Our observation that YFP-Cdc20 began to be degraded only after NEBD indicated that in response to the SAC Cdc20 might be ubiquitinated by the APC/C, since this is the time when the APC/C recognises its first mitotic substrates 19, 20 21 We tested this by depleting APC3 by siRNA (Fig 2A & B), which inactivated the APC/C as evidenced by stabilising cyclin A, cyclin B1 and securin (D. Izawa and JP, manuscript in preparation) and blocked cells in mitosis. In APC/C-depleted cells endogenous Cdc20 and YFP-Cdc20 were stable in the presence of an active SAC (Fig 2A and C). We confirmed that the SAC itself was required for Cdc20 degradation by depleting Mad2 by siRNA, which stabilised Cdc20 until cells exited mitosis (Fig 2D).
Our observation that Cdc20 was targeted for degradation by the APC/C in response to the SAC raised the interesting question of whether Cdc20 activated its own destruction, or whether it was recognised by another APC/CCdc20 complex. To analyse this we ectopically expressed various Venus-tagged Cdc20 mutants and measured their degradation in nocodazole-treated cells (Fig 3). To bind the APC/C, Cdc20 requires Isoleucine-Arginine at its C-terminus and the C-box motif 22, 23 and mutating either of these motifs prevented (IR mutant) or considerably slowed down (C-box mutant) its degradation in SAC-arrested cells (Fig 3A & B). Similarly, Cdc20 with a mutation in the Mad2-binding site (R132A) abrogated the SAC and was not degraded in the presence of nocodazole (Fig 3C).
Our interpretation of these results was that the SAC caused Cdc20 to activate its own ubiquitination by the APC/C. To test this we analysed the interactions between Cdc20, the APC/C, and checkpoint proteins by size-exclusion chromatography and quantitative immunoblotting. (We used nitrogen cavitation to lyse the cells, which solubilised >95% of Cdc20, the APC/C and the checkpoint proteins (Fig S4 and S5), and measured the stoichiometry of protein complexes by calibrating our antibodies using recombinant proteins (Fig S1 and S2) We used fluorescently-labelled secondary antibodies and measured the signal on a LiCOR Odyssey scanner, which is linear over a 104 range and thus far more quantitative than ECL, although errors could be introduced in the protein transfer, recognition by the primary antibody and binding between the primary and secondary antibodies.).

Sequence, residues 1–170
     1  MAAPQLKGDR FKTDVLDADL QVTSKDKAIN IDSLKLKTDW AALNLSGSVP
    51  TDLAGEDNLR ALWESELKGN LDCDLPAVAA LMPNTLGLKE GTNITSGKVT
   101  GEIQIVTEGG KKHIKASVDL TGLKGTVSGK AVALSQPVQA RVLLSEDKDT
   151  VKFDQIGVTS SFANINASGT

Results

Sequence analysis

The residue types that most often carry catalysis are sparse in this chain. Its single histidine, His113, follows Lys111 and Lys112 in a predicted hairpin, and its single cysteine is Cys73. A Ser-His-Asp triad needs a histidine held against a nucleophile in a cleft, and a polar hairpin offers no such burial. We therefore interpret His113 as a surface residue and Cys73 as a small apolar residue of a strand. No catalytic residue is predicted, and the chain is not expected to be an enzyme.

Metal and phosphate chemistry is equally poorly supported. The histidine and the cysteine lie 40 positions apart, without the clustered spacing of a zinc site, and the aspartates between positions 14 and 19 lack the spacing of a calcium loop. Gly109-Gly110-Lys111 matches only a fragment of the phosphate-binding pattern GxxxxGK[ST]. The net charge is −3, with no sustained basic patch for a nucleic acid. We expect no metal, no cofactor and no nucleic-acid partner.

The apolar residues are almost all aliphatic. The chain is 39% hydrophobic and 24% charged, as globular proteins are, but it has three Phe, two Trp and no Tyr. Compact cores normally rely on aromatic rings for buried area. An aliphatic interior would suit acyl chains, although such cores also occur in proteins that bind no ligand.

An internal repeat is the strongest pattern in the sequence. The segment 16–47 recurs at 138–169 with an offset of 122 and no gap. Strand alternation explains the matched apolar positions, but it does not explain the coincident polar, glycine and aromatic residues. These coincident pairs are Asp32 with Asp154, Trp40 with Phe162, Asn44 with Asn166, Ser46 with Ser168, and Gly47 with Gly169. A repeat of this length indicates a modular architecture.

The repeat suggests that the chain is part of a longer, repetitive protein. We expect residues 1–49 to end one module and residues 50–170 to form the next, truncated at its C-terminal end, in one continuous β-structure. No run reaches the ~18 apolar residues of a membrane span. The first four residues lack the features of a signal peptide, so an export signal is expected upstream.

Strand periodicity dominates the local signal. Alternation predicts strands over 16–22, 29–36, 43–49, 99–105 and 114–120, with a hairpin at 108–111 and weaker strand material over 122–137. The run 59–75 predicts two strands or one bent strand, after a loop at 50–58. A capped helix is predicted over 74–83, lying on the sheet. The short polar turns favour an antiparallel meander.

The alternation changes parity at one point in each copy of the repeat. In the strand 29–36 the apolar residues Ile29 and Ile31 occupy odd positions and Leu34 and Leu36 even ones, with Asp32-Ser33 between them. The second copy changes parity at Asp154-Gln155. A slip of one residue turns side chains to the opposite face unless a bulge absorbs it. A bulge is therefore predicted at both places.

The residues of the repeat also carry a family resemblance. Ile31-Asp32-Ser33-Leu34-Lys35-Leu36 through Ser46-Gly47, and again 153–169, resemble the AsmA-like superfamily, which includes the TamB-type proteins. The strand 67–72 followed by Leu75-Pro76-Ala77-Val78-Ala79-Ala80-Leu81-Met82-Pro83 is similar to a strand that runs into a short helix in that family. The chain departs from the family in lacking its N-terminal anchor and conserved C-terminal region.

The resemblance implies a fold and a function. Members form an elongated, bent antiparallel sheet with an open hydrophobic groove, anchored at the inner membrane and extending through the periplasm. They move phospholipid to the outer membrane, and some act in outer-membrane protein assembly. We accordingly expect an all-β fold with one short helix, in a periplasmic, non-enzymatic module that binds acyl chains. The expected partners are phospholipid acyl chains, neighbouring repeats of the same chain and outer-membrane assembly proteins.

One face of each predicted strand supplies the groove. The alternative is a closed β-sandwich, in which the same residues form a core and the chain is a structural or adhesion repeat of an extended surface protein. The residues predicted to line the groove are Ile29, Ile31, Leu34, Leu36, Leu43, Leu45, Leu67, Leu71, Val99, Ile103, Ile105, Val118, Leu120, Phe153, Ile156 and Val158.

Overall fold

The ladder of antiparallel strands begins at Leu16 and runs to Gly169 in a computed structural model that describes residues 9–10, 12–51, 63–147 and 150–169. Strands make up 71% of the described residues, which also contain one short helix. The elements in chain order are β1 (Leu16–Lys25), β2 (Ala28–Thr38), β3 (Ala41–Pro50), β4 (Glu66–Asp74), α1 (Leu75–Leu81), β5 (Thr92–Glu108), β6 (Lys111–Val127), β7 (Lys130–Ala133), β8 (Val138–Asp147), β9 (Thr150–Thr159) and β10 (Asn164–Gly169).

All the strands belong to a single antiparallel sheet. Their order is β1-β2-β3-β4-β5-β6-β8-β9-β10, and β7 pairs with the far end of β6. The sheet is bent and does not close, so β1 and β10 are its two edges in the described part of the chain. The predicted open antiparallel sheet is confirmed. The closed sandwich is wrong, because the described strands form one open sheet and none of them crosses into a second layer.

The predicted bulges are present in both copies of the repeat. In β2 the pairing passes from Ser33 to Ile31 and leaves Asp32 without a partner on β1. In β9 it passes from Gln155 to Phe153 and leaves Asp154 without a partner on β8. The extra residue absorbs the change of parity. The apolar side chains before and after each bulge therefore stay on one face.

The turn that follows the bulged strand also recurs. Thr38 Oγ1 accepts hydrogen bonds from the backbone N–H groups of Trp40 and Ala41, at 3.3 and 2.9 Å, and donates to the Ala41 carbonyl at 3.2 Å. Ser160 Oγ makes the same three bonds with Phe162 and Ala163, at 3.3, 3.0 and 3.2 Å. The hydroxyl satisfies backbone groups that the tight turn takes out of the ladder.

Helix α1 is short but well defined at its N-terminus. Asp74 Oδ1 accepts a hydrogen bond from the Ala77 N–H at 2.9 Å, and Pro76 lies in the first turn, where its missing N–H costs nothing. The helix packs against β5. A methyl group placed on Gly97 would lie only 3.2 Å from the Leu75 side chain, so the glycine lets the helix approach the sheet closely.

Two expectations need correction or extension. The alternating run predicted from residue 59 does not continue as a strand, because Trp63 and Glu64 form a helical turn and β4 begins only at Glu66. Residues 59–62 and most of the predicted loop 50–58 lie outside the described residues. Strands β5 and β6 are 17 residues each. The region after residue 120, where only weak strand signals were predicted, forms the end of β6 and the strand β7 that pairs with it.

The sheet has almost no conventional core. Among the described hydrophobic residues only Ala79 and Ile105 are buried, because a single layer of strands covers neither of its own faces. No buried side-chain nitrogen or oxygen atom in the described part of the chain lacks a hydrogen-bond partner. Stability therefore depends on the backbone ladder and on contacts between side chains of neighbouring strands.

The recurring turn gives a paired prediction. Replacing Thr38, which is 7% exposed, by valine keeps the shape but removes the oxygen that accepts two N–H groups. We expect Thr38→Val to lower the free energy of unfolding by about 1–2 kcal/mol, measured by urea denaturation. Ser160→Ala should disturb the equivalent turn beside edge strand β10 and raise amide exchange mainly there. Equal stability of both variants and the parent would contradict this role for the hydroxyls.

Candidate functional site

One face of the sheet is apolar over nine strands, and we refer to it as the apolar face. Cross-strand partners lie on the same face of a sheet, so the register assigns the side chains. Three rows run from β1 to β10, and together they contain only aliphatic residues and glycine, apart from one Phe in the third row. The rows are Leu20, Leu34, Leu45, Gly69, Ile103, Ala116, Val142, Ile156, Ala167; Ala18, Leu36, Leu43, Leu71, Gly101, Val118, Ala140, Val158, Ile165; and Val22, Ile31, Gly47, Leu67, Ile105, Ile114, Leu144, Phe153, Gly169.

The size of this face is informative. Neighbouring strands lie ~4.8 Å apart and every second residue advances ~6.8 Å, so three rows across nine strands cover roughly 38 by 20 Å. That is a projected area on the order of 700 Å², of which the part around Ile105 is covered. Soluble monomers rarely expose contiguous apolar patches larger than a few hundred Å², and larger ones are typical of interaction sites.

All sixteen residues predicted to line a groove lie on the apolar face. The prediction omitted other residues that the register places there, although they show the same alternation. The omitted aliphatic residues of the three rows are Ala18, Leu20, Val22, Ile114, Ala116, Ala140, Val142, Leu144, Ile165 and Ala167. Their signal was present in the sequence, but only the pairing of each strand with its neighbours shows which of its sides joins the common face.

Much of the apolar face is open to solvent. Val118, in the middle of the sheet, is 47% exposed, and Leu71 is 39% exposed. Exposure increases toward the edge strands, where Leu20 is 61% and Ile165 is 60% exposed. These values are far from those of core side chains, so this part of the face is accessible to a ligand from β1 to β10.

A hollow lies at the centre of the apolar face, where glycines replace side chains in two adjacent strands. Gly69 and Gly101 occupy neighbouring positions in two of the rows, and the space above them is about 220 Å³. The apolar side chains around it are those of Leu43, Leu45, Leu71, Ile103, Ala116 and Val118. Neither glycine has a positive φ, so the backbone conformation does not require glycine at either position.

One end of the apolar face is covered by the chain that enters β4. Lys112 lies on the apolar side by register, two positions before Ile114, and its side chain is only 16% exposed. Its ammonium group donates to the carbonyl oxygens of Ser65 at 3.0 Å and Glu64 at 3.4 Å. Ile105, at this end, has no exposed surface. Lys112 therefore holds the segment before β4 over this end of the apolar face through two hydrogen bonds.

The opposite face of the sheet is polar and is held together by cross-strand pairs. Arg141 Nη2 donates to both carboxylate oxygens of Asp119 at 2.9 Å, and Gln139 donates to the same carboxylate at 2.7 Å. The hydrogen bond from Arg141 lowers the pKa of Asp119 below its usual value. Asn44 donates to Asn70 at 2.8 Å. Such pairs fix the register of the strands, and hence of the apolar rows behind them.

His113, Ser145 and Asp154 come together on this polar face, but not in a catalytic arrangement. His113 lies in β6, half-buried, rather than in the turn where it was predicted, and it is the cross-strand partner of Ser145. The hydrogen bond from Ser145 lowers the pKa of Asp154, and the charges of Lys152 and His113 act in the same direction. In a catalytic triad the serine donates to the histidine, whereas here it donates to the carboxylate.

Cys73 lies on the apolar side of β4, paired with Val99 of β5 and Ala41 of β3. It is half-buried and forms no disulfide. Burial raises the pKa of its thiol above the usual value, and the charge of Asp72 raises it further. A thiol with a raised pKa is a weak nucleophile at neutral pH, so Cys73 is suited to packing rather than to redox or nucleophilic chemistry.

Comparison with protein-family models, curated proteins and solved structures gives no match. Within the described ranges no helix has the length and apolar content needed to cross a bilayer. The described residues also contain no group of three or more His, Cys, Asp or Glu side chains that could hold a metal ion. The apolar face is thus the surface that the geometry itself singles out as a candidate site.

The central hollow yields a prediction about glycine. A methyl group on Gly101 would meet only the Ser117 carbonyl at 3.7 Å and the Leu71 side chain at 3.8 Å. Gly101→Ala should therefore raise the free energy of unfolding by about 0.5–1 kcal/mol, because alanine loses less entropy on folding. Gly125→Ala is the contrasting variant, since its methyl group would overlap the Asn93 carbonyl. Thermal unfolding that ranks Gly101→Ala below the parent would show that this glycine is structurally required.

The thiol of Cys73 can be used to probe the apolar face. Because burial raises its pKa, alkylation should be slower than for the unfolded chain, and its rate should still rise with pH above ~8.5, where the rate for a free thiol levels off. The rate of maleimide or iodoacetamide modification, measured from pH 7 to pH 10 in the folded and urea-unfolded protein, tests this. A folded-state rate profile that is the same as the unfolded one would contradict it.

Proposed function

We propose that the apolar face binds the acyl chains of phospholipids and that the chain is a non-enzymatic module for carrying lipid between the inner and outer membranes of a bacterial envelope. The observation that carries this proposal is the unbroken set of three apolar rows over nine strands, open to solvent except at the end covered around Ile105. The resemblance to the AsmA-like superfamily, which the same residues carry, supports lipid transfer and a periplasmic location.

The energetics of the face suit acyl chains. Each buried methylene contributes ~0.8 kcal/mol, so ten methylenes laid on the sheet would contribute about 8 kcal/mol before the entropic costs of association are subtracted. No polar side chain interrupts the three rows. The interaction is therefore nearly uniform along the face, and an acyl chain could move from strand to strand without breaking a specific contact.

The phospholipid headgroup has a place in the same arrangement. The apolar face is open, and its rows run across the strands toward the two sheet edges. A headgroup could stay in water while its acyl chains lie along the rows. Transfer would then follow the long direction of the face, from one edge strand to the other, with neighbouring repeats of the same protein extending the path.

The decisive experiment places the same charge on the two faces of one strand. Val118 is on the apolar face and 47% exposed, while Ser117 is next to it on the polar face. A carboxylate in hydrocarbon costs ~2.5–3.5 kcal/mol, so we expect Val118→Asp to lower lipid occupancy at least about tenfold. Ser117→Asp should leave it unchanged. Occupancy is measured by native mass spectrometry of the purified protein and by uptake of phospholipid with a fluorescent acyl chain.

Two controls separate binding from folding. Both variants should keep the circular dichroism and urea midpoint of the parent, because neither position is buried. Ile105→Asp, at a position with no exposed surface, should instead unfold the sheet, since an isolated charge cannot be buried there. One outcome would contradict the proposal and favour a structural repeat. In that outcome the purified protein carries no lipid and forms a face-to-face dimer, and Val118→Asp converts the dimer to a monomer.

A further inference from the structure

In either nocodazole or taxol-arrested cells the bulk of Cdc20 migrated in two large complexes, one of ~2 MDa and one of ~670 kDa (Figs (Figs4A4A and S3 and S4). Quantitative immunoblotting (Fig 4A and S3A & B) and immunoprecipitations from peak fractions (Fig 4D and FigS2) showed that the 2 MDa complex contained the APC/C, BubR1 and Bub3, whereas the 670 kDa complex contained BubR1 and Bub3, but no APC/C. Both complexes had very little Mad2, the bulk of which migrated at a size likely corresponding to free Mad2 (Figs (Figs44 and S3 and S4). From the amounts of proteins in immunoprecipitates of Cdc20 from the 2 MDa and 670 kDa complexes, we estimate that only ~5% of Cdc20 was bound to Mad2 in cells with an active checkpoint, whereas the molar ratio of BubR1 to Cdc20 was between 0.5 and 1 (Fig S2). Thus, the 670 kDa complex we detected probably corresponded to the Bub3-BubR1-Cdc20 checkpoint complex identified by Tang et al. (2001) 9 and Fang (2002) 10 rather than the MCC complex where Mad2, BubR1, Bub3 and Cdc20 were proposed to be present with 1:1:1:1 stoichiometry 24.
When we blocked Cdc20 degradation with MG132, Cdc20 accumulated in both the 2 MDa and 670 kDa complexes (Fig 4B) and immunoprecipitating the APC/C verified the increase in binding to Cdc20 (Fig S4). In addition a third complex appeared running at approximately 200 kDa, which was likely to be free Cdc20 since it did not co-migrate with any of the known Cdc20 partners: the Mad and Bub proteins, the APC/C, and the CCT chaperone complex that migrates at ~800 kDa 25. Moreover, when we released the checkpoint by adding the Aurora B inhibitor ZM447439 to taxol- or nocodazole-treated cells 26, but retained cells in mitosis by adding MG132, Cdc20 levels in the 670 kDa complex dropped and more migrated as ‘free’ Cdc20 (Fig. 4C). Identical results were obtained when we analysed cells in which we released the checkpoint by washing out the spindle poison in the presence of MG132 (Fig S4). The appearance of some Cdc20 not bound to checkpoint proteins upon the addition of MG132 indicated that preventing Cdc20 degradation caused Cdc20 to exceed the level of the BubR1-Bub3 complex, in agreement with there being similar amounts of Cdc20 and BubR1 in checkpoint-arrested cells (1:1:1:3, Cdc20:BubR1:APC/C:Mad2, Fig S2).
After releasing the checkpoint the amount of BubR1 migrating with the APC/C decreased but the amount of Cdc20 bound to the APC/C remained the same (Fig. 4C), likely corresponding to active APC/CCdc20.